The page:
The EEOC updated its guidance on April 23 on the Americans with Disabilities Act (ADA) and coronavirus, explaining that employers may screen employees for COVID-19. Any mandatory medical test must be job-related and consistent with business necessity, the EEOC explained.
“Applying this standard to the current circumstances of the COVID-19 pandemic, employers may take steps to determine if employees entering the workplace have COVID-19 because an individual with the virus will pose a direct threat to the health of others,” the agency stated. Consequently, an employer may administer COVID-19 testing to employees before they enter the workplace.
Workers who contract the coronavirus on the job will face an uphill battle in proving their employers created unsafe work conditions, as an anticipated spike in lawsuits related to the pandemic would enter uncharted territory and raise novel legal questions.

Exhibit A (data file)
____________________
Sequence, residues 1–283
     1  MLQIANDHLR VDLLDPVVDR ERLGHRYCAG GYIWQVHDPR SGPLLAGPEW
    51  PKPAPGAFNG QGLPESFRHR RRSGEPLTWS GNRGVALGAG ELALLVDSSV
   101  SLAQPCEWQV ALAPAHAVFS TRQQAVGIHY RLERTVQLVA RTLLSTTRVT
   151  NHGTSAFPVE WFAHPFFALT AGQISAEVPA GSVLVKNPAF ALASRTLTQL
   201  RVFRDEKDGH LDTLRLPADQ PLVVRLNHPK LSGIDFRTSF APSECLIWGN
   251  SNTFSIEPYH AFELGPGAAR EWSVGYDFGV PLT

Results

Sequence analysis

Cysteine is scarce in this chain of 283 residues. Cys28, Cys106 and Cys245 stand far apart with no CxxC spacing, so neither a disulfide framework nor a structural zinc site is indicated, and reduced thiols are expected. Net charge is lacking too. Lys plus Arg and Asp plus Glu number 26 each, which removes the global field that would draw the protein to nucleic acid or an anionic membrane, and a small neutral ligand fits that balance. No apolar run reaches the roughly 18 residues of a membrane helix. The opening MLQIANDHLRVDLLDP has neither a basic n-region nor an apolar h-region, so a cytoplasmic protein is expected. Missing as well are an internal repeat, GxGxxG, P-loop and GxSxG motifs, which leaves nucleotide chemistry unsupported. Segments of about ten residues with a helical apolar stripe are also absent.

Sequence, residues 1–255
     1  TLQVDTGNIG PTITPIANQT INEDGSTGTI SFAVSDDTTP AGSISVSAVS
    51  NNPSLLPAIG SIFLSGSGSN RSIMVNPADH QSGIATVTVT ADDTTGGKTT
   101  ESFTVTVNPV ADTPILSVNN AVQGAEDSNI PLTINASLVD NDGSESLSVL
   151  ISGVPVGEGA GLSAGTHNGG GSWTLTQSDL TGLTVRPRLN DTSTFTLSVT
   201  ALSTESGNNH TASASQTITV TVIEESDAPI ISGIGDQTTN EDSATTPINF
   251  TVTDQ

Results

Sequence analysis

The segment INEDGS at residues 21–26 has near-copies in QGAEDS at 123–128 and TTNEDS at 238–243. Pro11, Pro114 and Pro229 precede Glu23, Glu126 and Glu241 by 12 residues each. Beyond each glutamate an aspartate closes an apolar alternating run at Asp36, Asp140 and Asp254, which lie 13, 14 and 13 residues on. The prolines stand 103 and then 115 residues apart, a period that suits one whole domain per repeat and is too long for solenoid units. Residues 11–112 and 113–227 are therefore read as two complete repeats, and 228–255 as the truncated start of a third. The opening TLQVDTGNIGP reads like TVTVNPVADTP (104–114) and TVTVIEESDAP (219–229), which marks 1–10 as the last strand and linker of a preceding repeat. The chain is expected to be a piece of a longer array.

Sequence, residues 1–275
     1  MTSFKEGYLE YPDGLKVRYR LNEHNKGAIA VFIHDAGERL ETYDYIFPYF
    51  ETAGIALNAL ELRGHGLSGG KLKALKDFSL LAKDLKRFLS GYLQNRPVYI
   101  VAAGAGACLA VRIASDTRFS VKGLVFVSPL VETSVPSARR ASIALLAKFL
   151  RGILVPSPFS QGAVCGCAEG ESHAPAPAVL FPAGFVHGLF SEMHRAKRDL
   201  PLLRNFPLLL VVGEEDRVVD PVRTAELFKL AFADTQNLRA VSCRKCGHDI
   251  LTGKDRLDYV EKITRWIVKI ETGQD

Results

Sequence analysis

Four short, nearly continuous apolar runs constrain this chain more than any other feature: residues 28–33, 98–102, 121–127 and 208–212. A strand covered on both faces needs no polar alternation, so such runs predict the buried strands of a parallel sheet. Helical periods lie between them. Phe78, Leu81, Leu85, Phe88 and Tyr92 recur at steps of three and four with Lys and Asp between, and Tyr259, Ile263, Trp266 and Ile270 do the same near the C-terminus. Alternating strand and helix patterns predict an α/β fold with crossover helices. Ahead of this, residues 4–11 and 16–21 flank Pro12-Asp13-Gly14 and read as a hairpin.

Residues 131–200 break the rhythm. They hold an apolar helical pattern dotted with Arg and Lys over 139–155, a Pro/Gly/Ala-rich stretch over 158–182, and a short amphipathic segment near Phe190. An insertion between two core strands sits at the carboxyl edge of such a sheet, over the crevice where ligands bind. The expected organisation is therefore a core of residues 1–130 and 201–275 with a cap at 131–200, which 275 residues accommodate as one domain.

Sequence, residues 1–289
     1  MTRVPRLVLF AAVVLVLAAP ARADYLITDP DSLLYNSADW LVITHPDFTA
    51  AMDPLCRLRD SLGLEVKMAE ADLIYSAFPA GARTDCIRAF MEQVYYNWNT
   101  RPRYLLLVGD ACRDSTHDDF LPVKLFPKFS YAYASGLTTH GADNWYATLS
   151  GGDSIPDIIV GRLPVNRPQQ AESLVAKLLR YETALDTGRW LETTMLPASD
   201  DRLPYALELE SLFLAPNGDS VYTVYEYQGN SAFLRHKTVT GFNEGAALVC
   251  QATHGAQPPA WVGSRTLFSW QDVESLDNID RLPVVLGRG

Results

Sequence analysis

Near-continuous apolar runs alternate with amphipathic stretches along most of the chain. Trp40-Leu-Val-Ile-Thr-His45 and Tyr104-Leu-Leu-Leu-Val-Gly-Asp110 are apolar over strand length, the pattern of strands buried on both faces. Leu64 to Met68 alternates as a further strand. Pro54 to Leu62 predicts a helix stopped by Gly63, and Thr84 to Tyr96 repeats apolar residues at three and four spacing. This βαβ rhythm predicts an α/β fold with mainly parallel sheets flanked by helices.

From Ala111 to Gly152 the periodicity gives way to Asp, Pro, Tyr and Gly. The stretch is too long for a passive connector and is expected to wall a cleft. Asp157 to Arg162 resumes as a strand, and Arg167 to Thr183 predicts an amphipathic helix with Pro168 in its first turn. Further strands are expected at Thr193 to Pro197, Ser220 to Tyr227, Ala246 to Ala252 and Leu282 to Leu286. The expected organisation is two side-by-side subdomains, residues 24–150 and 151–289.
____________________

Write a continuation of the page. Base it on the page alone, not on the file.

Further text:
Business groups have begun raising the alarm against a potential wave of personal-injury and wrongful death lawsuits filed by employees or their families and are lobbying the government to shield them from those claims, as the nation gears up for returning to work.
“Sneeze guard” partitions. “Safe zones” demarcating spots to stand in elevators. Contact tracing apps to detect interactions between co-workers and infrared temperature readings.
As Florida, Georgia, South Carolina, and other states took steps to reopen their economies this week, and Boeing workers came back to their jobs after a three-week furlough, businesses, design firms, real estate developers, and corporate advisers are starting to envision how a return to the office will work.
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